Busy, busy, busy!
Yes, I haven’t been able to post lately since I have had practically no time, at all, to jot down my ideas and blog. However, after a week of thesis requirements, long tests, a family turmoil and a hosting stint, it’s time to sit down again and have some dose of history and culture.
Well, ideally, a good respite for a person like me would be a visit to a museum. Museums, generally speaking, enthrall me. Although the Smithsonian might not interest me because of its type of collection, the majority of museums, especially the arts, religious and anthropology types, are of particular interest. The quiet corridors, the artifacts frozen in time and the wealth of new knowledge one accumulates in a museum are sources of joy and even, hope for a person like me. It may sound weird, but my love for museums is based on the fact that I’m hopeful in man’s continuous expression and showcase of spirit and passion.
My experiences in countless museums here and abroad never disappoint me. Whether it’s the Louvre or some family’s private collection in their ancestral home in Vigan, the world of museums is a world close to my heart. I’ve been to so many museums since I was a little child that I can no longer recall when my first museum visit was.
Well, what is a museum?
A museum is that social institution that takes it upon itself of collecting, preserving, exhibiting and interpreting tangible evidence as well as related information for the public’s evidence.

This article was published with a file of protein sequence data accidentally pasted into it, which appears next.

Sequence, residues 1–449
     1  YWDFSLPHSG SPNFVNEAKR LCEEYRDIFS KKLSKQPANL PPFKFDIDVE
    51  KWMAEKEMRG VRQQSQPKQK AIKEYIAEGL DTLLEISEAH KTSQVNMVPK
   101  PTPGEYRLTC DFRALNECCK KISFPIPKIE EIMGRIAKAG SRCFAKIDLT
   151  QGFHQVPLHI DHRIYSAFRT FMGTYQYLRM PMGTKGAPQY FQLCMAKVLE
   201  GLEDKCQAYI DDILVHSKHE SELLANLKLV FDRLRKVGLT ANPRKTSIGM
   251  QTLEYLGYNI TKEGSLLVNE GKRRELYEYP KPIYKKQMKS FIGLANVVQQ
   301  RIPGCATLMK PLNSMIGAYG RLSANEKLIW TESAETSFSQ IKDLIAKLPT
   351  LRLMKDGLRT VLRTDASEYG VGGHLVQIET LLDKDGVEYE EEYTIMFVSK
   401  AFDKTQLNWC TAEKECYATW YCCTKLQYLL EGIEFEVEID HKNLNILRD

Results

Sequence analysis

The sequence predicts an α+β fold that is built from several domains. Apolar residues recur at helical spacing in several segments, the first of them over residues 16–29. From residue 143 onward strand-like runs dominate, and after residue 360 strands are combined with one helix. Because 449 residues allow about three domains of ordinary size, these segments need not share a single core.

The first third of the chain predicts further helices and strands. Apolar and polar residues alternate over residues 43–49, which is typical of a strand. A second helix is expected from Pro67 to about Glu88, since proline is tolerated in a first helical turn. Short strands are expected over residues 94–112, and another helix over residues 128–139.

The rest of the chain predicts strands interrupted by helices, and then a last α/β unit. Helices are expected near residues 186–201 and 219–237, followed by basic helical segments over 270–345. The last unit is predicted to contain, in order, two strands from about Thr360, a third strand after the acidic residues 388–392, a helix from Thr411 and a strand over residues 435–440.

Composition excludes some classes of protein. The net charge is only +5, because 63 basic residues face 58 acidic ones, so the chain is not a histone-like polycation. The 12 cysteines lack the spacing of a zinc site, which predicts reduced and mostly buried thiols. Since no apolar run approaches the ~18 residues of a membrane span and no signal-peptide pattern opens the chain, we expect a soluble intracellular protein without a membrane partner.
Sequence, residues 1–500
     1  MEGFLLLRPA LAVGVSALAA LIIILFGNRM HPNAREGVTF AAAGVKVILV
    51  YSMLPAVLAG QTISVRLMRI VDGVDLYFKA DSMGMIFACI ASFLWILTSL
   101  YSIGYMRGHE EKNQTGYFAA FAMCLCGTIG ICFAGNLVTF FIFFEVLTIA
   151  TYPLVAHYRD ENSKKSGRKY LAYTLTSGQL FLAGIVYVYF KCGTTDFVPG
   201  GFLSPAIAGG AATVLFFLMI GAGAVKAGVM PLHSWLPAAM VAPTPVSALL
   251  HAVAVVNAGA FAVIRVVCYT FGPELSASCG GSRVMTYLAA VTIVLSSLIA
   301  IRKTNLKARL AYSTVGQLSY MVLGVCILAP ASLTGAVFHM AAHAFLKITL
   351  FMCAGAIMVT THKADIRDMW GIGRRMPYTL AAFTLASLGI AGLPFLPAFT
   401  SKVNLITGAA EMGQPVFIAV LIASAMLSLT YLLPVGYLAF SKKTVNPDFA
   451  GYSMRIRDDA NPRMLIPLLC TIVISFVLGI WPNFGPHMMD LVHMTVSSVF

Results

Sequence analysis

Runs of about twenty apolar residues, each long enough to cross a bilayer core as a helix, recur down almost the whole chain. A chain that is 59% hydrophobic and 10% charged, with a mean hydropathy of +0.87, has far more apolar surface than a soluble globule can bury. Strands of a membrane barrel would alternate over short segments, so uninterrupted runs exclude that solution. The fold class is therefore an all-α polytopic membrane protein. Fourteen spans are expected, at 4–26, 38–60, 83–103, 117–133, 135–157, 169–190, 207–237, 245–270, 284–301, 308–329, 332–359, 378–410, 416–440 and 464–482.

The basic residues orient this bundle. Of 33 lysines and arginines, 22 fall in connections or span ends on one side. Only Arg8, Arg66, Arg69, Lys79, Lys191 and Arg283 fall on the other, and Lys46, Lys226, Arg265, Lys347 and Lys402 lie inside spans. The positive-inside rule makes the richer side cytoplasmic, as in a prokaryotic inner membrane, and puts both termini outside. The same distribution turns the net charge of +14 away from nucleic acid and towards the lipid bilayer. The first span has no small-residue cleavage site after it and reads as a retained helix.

Tangible evidence of what?
Well, of many things!
In the Museum of Arts and Sciences of the University of Santo Tomás, the oldest museum in the Philippines, the Dominicans were able to collect priceless pieces of artifacts spanning four centuries. These artifacts are pieces of evidence that would attest the Philippines’ progress and relatively more-advanced positioning in relation to other Asian countries in centuries past. When I visited the university’s Lumina Pandit exhibit on rare and old books, I was full of national pride. Those original artifacts featured actually compose our country’s cultural capital. Do other Southeast Asian countries have original copies of the books featured there such as the Biblica Sacra or even the printed poems and stories by Filipino ilustrados? Were they able to print books as early as those printed in the UST in the 16th century? I think not. Those books there as well as other cultural treasures we have in different museums are our cultural capital because they are proof of the economic as well as intellectual activities taking place in the country during those “dark years” those books and documents were being printed. It is also a sign of prestige and can showcase the relative advanced position of the Philippines as compared to its neighboring countries in the realm of Western literature and thought. These are national possessions that attest to the cultural sensibilities of those dwelling in the islands.